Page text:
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Why is organ and tissue donation important?

For someone who is seriously ill, an organ or tissue transplant can mean the difference between life and death, being healthy or sick; between seeing or being blind; or between being active and never walking again. Transplantation enables people to resume an active role in their family, workplace and community. Organ donation gives someone who has organ failure a second chance at life.

Becoming an organ donor is a rare event. To be able to donate you need to die in hospital and your organs need to be functioning well to be transplanted. In 2019 around 1,300 Australians – about 2% of people who die in hospital – had the opportunity to donate their organs.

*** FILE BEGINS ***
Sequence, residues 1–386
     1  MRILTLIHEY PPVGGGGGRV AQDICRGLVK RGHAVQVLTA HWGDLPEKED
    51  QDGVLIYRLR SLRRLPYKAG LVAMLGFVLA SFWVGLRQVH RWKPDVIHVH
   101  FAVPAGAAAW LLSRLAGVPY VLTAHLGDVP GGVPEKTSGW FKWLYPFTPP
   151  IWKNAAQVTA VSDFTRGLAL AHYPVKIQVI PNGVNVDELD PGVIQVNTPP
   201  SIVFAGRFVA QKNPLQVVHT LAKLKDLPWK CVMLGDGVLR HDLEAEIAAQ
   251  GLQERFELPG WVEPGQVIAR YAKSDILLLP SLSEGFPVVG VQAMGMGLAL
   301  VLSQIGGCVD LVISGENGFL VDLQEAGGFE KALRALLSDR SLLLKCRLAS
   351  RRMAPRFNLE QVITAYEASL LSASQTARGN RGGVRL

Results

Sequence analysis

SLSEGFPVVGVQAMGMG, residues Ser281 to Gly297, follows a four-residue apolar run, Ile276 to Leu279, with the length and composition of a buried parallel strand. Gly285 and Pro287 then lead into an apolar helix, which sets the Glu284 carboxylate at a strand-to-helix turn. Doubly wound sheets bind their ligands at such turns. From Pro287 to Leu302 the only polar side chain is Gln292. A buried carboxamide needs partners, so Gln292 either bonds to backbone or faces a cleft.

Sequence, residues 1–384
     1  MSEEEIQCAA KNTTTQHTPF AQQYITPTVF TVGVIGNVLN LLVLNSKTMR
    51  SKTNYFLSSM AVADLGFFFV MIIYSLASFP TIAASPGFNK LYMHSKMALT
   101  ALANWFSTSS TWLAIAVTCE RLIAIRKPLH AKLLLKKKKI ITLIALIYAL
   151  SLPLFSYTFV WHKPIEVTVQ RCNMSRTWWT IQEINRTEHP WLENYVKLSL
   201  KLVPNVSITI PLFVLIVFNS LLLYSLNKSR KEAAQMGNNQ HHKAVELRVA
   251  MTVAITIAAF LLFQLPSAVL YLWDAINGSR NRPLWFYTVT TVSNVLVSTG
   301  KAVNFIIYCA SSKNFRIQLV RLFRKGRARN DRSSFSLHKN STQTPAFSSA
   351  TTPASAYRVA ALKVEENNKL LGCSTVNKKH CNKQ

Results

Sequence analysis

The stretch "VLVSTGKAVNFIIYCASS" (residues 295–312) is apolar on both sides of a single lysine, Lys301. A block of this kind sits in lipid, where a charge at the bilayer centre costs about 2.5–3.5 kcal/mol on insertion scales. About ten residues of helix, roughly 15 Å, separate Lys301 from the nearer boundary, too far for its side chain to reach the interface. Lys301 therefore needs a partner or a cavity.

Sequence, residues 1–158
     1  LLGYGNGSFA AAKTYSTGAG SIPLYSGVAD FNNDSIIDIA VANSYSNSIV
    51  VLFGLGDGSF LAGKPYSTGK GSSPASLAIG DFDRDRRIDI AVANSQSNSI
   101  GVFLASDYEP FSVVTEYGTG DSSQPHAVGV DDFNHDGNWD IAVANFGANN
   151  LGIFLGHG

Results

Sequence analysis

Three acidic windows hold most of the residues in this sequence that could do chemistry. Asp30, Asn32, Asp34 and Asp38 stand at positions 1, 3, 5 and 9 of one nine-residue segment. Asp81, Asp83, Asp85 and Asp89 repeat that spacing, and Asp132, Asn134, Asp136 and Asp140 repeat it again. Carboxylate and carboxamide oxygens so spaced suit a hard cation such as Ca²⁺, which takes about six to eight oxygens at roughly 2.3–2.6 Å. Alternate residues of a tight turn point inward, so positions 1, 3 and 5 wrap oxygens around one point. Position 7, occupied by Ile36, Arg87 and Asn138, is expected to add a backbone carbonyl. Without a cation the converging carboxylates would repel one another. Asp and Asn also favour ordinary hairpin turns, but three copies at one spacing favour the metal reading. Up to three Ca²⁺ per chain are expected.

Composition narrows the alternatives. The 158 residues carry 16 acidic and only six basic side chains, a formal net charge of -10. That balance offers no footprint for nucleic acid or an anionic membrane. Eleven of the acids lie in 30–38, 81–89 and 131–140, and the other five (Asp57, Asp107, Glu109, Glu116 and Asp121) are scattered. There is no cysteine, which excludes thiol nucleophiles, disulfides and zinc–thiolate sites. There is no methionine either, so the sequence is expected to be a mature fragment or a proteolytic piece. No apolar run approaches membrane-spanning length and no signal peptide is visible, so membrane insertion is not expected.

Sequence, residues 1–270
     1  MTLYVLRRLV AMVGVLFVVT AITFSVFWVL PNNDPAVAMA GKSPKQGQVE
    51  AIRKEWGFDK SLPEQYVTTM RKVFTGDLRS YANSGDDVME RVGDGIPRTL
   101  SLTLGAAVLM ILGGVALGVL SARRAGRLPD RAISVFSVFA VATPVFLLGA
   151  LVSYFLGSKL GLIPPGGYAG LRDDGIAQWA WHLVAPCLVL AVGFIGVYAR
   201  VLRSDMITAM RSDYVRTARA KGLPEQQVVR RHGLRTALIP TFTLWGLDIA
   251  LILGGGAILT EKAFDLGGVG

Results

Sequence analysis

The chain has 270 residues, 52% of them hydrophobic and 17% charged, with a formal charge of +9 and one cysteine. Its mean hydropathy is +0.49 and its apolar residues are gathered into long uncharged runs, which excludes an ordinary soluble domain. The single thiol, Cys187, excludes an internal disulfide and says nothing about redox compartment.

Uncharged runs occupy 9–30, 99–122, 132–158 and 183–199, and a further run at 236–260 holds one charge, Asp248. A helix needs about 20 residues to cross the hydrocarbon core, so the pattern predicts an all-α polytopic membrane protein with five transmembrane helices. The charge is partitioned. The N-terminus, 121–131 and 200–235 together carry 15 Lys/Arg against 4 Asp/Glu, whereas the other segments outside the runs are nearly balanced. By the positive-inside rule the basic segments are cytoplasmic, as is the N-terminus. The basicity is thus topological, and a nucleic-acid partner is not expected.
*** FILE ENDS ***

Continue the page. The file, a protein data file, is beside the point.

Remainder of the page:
There are then other reasons why people may not progress to organ donation, including undiagnosed chronic illness, cancer or infectious diseases. In 2019 there were 756 families who consented to be an organ donor, but only 548 could go on to donate their organs.

People who are not suitable to be an organ donor may still be able to donate their eyes and tissue, including bone, skin and heart valves.

One organ donor can save the lives of up to seven people and help many more through eye and tissue donation.

With around 1,700 Australians on a waiting list for an organ transplant, and a further 12,000 people on dialysis, the generous act of organ donation has far-reaching effects, changing the lives of those needing a transplant and their families.